The “republic of letters” represents one of the central ways of cognitively mapping the terrain of European culture during the seventeenth and eighteenth centuries. If we want to understand the situation of English-language literary culture in the early modern period and how this situation impinged on the self-understanding of English-language writers, we need to examine this discursive institution. Unlike the progress of English topos, the republic of letters has been the subject of extensive study. But most of this work assumes that the erudite, scholarly vision of the republic of letters that was dominant through the early seventeenth century is the essential and definitive expression of this concept. As a result, as I show in this chapter, we have signally misconstrued or ignored the eighteenth-century vision of the republic of letters. This vision was based, not on the ideal of an equal, universal, learned, Latin-based culture, but rather on a belletristic conception of heterogeneous national literary traditions interacting with one another and negotiating issues of linguistic diversity and cultural marginality/centrality. This chapter brings this more modern version of the republic of letters into focus and shows how it conditioned the self-understanding of English-language writers, posing for them issues of secondariness and cultural marginality, and giving a nationalistic inflection to their conception of literary practice.


Eighteenth Century Seventeenth Century Public Sphere Literary Tradition French Language 
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    90, The Enlightenment concept of the public thus already anticipates (unlike Habermas’s formulation) the problem of minorities in majoritarian democracies, an issue developed in the nineteenth century by J. S. Mill, and one that has acquired a renewed importance in twentieth-century Western thinking about multicultural societies. The issue has also figured importantly in the African–American tradition and in the constitutional thought of independent India and post-apartheid South Africa, to cite a few significant instances.Google Scholar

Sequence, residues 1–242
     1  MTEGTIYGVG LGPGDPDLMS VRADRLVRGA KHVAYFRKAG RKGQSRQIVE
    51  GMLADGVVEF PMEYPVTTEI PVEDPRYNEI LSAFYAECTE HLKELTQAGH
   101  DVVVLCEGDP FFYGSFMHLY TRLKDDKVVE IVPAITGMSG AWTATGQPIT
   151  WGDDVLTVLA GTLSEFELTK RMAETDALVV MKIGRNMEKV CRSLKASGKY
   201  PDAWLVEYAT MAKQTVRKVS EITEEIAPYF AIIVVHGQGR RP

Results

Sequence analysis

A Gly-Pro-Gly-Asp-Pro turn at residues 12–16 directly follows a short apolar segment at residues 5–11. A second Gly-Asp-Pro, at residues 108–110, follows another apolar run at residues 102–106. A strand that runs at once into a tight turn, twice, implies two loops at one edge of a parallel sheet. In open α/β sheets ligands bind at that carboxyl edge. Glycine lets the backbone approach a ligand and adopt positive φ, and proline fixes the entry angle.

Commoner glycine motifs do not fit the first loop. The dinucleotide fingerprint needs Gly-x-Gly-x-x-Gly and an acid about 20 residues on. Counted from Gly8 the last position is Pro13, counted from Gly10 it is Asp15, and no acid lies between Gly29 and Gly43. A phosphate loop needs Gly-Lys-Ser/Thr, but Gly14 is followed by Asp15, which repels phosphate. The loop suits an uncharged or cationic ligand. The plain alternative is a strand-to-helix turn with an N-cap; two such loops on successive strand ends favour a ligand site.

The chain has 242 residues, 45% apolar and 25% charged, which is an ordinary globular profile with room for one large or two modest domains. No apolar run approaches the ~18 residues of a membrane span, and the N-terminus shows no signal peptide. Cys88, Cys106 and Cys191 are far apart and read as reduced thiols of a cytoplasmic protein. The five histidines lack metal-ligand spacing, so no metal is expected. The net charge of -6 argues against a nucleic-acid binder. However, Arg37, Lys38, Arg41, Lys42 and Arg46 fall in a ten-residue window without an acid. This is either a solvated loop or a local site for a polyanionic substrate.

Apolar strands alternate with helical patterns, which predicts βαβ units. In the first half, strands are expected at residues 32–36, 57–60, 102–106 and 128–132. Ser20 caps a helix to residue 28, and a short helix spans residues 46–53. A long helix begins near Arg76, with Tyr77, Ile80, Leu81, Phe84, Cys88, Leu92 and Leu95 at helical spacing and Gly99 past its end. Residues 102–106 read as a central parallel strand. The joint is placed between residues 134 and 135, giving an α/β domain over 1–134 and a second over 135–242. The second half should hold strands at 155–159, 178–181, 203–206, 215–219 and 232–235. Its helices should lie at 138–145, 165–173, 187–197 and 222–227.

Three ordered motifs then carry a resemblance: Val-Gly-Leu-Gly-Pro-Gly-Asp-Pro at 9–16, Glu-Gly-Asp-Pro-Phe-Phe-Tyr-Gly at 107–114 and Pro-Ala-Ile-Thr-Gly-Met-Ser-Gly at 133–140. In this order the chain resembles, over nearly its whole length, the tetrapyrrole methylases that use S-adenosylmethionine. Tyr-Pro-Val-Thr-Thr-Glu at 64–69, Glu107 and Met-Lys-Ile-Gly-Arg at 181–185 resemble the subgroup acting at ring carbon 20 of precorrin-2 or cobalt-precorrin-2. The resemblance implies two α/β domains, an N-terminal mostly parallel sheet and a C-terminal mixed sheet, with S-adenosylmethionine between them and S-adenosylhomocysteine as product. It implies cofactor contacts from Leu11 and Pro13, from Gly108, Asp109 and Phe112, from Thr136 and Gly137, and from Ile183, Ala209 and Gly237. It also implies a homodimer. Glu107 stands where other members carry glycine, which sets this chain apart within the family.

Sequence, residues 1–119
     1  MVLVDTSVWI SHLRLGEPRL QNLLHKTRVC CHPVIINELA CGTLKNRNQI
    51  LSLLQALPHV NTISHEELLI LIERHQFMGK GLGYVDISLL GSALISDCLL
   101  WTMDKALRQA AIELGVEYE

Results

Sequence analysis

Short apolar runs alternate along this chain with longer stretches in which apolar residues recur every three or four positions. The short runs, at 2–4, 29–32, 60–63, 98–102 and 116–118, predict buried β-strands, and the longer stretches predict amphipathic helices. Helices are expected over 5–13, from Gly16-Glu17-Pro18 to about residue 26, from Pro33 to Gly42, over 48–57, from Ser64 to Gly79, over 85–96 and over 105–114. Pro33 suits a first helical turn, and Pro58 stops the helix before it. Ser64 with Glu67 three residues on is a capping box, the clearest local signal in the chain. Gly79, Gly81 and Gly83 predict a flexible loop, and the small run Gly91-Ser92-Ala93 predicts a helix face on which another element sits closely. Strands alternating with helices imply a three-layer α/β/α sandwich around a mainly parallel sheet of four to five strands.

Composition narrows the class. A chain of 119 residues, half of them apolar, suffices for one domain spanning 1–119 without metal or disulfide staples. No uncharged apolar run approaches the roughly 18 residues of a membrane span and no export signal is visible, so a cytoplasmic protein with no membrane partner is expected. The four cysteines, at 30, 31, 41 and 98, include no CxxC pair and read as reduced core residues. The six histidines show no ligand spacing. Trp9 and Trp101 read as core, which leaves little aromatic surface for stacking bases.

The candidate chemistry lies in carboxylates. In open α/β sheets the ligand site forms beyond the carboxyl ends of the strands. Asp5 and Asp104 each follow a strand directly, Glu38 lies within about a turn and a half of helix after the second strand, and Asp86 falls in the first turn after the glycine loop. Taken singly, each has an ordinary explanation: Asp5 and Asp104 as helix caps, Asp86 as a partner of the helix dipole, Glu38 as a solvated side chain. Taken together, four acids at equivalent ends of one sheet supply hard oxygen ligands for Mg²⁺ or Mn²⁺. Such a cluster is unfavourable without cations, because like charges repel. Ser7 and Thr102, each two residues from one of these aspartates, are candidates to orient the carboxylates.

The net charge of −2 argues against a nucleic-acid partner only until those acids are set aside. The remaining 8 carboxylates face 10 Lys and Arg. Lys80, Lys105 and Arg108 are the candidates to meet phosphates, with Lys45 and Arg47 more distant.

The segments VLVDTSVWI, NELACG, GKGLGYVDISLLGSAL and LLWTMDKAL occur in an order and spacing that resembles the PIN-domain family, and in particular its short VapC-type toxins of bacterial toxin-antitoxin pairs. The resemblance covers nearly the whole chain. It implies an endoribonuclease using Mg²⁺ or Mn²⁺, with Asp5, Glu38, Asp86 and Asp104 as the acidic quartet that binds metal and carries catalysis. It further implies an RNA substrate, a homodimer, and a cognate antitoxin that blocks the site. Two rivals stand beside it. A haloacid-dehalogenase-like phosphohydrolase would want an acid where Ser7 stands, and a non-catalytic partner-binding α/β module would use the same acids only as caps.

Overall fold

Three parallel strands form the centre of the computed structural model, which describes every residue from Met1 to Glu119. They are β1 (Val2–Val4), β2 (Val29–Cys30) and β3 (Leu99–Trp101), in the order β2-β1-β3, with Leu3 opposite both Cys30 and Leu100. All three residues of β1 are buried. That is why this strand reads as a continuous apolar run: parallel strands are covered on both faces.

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  99. I retain, no doubt, a sort of acquired reflex from the necessity of this vigilant transformation. I am not proud of it, I make no doctrine of it, but so it is: an accent—any French accent, but above all a strong southern accent—seems incompatible to me with the intellectual dignity of public speech. (Inadmissible, isn’t it? Well, I admit it.) Incompatible, a fortiori, with the vocation of poetic speech: for example, when I heard Rene Char read his sententious aphorisms with an accent that struck me as at once comical and obscene, as the betrayal of a truth, it ruined, in no small measure, an admiration of my youth. (Monolinguism of the Other; or the Prosthesis of Origin, trans. Patrick Mensah [Stanford, CA: Stanford University Press, 1998], 46)Google Scholar
  100. Derrida’s remarks, in their bluntness, help us to reflect on how the issue of “Scotticisms” and a “Scotch” accent figured in the anglophone literary culture of the eighteenth century, and on how the accents of Third World Englishes resonate in the context of the modern internationalization of the language.Google Scholar
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